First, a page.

Harlan County, USA
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A man crouches and pokes at what first appears to be a wad of chewed-up pink bubble gum on the ground. “That’s what a scab will do to ya, by God,” he says, his voice quavering with emotion. The pink wad is brain tissue from a striker shot in the head by a strikebreaker. That’s one of the harsh realities of Harlan County USA. Barbara Kopple’s documentary camera looks at this forgotten corner of 1970s America, the site of some of the bitterest labor violence in American history. It’s hard to believe that some 40 years after the Depression, there were parts of Appalachia that were hardly better off than they were in the 1930s. The care-worn faces of the miners and their families speak volumes.
They’re the tough, proud faces of people struggling to make a living the way that their parents and grandparents did in generations past. Kopple skillfully weaves archival footage and traditional labor songs through the film to give a historical perspective to the strike against Eastover Mining Company. Above and beyond the labor issues, the film takes a hard look at the living conditions, health issues, and poverty faced by Harlan’s residents, the human toll that goes along with the mining industry. The tense confrontations between Eastover’s slimy security goons and the unionizers are particularly gripping, with the threat of violence hanging thick in the air. Sometimes ugly, always absorbing, this is an important, enlightening social record, one that serves the highest calling of the documentary filmmaker’s art.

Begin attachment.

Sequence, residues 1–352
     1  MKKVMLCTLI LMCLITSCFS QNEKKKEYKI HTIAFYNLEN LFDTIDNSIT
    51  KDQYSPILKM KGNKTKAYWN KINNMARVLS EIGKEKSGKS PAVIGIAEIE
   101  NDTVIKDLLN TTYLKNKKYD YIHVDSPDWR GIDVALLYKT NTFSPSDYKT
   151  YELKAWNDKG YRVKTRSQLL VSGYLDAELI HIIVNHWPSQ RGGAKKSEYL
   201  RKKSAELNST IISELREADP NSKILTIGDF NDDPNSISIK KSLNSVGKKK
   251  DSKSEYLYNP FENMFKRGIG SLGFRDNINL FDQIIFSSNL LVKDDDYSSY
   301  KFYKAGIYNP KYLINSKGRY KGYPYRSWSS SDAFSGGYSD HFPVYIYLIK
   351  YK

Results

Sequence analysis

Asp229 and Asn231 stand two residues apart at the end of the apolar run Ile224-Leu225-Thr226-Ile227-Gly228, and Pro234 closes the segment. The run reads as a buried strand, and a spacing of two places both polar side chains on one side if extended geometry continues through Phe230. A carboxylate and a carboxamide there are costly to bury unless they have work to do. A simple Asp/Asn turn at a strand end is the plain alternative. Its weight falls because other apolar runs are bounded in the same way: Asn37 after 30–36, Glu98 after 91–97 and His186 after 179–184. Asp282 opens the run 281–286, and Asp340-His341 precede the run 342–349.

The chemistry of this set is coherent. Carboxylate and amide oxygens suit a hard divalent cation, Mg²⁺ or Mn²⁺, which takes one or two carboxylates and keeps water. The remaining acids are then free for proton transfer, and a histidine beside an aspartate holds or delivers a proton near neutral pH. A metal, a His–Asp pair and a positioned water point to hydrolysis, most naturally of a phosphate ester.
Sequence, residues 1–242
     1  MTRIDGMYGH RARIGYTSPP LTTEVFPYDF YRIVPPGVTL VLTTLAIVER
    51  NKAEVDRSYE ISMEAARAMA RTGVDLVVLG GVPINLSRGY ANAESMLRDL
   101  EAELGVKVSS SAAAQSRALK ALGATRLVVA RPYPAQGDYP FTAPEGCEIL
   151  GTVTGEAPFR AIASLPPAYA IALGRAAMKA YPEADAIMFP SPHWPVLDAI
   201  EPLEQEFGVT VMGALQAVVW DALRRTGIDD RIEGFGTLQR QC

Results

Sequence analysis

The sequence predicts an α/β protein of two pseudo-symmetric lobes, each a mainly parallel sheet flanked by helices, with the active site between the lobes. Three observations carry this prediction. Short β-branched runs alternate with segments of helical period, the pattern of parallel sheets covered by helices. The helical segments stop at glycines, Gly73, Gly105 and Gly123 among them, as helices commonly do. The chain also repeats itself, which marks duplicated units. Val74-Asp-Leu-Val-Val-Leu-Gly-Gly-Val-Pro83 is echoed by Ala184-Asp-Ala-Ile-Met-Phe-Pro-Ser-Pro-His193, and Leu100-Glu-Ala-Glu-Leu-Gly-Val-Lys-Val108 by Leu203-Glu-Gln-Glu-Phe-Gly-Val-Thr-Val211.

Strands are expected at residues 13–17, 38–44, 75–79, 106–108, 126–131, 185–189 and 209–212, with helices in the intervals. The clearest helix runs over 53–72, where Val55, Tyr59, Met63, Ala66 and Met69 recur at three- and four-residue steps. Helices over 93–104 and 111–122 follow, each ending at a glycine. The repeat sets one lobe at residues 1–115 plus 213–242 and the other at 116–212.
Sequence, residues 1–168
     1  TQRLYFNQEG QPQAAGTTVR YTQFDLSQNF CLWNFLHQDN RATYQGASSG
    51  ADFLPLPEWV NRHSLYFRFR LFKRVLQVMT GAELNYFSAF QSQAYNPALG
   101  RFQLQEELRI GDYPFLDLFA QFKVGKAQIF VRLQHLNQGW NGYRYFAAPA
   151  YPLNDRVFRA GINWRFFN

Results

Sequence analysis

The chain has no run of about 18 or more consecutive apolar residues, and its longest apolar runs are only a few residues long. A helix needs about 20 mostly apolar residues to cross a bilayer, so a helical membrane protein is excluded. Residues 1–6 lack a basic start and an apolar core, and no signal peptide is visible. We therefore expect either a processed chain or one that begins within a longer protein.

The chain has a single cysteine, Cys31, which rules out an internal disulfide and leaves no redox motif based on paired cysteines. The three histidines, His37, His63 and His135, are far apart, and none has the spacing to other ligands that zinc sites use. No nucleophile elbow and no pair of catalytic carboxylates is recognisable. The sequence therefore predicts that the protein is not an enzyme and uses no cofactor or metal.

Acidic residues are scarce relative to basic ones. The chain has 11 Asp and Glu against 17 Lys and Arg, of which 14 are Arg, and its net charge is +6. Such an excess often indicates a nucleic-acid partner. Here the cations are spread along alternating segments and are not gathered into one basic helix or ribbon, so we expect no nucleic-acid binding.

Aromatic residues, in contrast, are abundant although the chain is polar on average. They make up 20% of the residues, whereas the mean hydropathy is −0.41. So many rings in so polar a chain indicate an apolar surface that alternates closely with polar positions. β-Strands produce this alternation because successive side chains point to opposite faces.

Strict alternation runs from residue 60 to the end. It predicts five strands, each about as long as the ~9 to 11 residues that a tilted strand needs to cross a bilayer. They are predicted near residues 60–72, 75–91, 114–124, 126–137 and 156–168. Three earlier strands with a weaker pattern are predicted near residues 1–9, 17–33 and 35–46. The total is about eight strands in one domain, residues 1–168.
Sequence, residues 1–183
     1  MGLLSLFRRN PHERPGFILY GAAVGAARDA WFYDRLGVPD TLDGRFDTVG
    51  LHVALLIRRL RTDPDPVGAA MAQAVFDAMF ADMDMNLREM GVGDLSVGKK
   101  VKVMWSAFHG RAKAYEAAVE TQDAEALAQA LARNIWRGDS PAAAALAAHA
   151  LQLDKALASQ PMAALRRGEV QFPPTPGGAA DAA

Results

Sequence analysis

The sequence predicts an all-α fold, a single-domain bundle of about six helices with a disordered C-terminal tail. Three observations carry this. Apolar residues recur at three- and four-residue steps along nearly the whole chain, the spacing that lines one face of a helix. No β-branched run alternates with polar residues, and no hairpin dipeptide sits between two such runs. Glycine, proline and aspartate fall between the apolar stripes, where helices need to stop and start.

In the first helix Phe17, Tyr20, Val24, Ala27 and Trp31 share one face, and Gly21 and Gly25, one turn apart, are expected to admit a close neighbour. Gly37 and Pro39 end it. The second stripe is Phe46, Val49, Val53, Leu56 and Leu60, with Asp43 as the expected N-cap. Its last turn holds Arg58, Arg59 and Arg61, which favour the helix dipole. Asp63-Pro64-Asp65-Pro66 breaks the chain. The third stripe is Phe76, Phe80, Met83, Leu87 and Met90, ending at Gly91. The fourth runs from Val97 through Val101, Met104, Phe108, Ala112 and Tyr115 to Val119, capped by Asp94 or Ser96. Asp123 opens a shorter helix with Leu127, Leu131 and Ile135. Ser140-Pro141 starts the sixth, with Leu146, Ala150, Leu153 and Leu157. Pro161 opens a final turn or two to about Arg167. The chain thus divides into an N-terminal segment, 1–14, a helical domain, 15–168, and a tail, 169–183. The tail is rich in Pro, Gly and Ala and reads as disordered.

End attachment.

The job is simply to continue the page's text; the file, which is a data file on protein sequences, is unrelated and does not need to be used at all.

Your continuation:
This film documents the coal miners’ strike against the Brookside Mine of the Eastover Mining Company in Harlan County, Kentucky in June, 1973. Eastovers refusal to sign a contract (when the miners joined with the United Mine Workers of America) led to the strike, which lasted more than a year and included violent battles between gun-toting company thugs/scabs and the picketing miners and their supportive women-folk. Director Barbara Kopple puts the strike into perspective by giving us some background on the historical plight of the miners and some history of the UMWA.
Barbara Kopple’s Academy Award–winning film unflinchingly documents a grueling coal miners’ strike in a small Kentucky town. With unprecedented access, Kopple and her crew captured the miners’ sometimes violent struggles with strikebreakers, local police, and company thugs.